First Built in 1911, this Highschool features unique Architecture.
El Reno High School was established in 1893 and graduated its first class in 1896. The present building was built in two phases. The building was constructed in two phases. The west half, or El Reno High School proper, constructed in 1911, was designed by the Oklahoma City firm of Layton and Smith, Oklahoma’s premier architects and designers of the Oklahoma State Capitol as well as many public schools. The east half, originally built for junior high school classes, was designed by an unknown architect and was constructed in 1925–1926.
In 2000, the building was added to the National Register of Historic Places for its unique architecture.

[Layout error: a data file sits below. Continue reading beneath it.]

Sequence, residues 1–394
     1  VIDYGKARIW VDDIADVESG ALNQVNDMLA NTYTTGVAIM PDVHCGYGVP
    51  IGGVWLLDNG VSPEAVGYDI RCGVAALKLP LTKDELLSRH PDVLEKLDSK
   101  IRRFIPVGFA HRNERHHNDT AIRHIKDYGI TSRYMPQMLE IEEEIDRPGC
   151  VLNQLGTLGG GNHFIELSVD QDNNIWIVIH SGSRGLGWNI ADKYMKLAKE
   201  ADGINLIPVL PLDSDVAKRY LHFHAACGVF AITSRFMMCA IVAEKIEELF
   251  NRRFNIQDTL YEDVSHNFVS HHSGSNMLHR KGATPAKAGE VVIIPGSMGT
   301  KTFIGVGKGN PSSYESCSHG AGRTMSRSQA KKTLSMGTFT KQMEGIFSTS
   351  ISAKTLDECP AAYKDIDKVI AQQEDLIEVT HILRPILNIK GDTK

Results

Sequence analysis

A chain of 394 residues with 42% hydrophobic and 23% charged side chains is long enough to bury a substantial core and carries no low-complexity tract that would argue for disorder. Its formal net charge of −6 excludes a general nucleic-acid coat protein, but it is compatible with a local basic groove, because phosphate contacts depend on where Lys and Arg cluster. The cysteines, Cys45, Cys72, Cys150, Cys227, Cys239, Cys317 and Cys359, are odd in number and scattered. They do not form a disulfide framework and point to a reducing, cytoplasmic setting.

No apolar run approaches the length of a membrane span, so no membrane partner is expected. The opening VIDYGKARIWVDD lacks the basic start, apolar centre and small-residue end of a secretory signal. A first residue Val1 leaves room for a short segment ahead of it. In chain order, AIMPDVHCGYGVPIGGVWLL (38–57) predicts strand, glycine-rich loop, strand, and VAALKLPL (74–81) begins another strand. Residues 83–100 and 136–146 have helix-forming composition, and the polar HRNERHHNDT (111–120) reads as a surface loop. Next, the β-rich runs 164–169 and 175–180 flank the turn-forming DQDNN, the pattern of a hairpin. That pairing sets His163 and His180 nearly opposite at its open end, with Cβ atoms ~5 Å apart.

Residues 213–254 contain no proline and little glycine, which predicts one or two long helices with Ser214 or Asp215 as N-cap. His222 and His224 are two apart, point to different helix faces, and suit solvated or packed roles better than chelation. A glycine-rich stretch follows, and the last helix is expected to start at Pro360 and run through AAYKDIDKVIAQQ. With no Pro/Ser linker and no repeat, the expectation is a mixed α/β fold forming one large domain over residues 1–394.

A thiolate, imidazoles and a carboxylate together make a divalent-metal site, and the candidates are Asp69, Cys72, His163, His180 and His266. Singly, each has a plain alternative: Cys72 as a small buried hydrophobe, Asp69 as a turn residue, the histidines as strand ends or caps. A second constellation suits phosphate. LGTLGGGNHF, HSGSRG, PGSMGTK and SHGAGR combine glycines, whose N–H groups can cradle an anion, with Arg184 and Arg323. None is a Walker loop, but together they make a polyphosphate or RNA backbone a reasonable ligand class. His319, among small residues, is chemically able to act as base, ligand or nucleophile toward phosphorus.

In style, the El Reno High School building incorporates many of the elements of Late Gothic Revival as applied to public buildings, also known as Collegiate Gothic, and resembles later buildings designed by Layton and Smith, such as Bizzell Memorial Library at the University of Oklahoma in Norman. The major features of this building include: flat roof with raised, shaped, and/or castellated parapet; towers with long, narrow “princess” windows; pinnacles rising from parapets or towers; and polychrome surfaces, or contrasting brick and stone work, with stone work forming copings, window and door hoods, arches, horizontal bands or water tables, and quoins. In general the two defining characteristics of the building were the decorative stonework and, before alteration, the windows. Bedford Indiana Limestone creates hood moldings that accentuate the openings and bands that emphasize the horizontal arches.